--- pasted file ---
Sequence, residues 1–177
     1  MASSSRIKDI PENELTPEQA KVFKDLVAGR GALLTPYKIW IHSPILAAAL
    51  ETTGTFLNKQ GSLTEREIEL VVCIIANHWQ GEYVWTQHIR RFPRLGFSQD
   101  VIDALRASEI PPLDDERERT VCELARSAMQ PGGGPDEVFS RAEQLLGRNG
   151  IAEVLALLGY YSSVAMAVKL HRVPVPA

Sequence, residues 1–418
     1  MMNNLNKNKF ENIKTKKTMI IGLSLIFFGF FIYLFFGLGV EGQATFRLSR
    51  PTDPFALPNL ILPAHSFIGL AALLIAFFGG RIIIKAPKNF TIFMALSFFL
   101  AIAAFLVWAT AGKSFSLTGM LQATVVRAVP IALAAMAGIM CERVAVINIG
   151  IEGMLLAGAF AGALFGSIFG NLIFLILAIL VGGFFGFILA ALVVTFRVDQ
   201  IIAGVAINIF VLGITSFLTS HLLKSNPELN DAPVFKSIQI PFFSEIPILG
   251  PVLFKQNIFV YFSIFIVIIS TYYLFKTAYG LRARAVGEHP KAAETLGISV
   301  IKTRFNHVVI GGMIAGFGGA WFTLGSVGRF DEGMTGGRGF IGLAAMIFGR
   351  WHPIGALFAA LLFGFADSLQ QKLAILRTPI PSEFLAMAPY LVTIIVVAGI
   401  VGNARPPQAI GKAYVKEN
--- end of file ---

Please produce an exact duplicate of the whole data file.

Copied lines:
Sequence, residues 1–177
     1  MASSSRIKDI PENELTPEQA KVFKDLVAGR GALLTPYKIW IHSPILAAAL
    51  ETTGTFLNKQ GSLTEREIEL VVCIIANHWQ GEYVWTQHIR RFPRLGFSQD
   101  VIDALRASEI PPLDDERERT VCELARSAMQ PGGGPDEVFS RAEQLLGRNG
   151  IAEVLALLGY YSSVAMAVKL HRVPVPA

Sequence, residues 1–418
     1  MMNNLNKNKF ENIKTKKTMI IGLSLIFFGF FIYLFFGLGV EGQATFRLSR
    51  PTDPFALPNL ILPAHSFIGL AALLIAFFGG RIIIKAPKNF TIFMALSFFL
   101  AIAAFLVWAT AGKSFSLTGM LQATVVRAVP IALAAMAGIM CERVAVINIG
   151  IEGMLLAGAF AGALFGSIFG NLIFLILAIL VGGFFGFILA ALVVTFRVDQ
   201  IIAGVAINIF VLGITSFLTS HLLKSNPELN DAPVFKSIQI PFFSEIPILG
   251  PVLFKQNIFV YFSIFIVIIS TYYLFKTAYG LRARAVGEHP KAAETLGISV
   301  IKTRFNHVVI GGMIAGFGGA WFTLGSVGRF DEGMTGGRGF IGLAAMIFGR
   351  WHPIGALFAA LLFGFADSLQ QKLAILRTPI PSEFLAMAPY LVTIIVVAGI
   401  VGNARPPQAI GKAYVKEN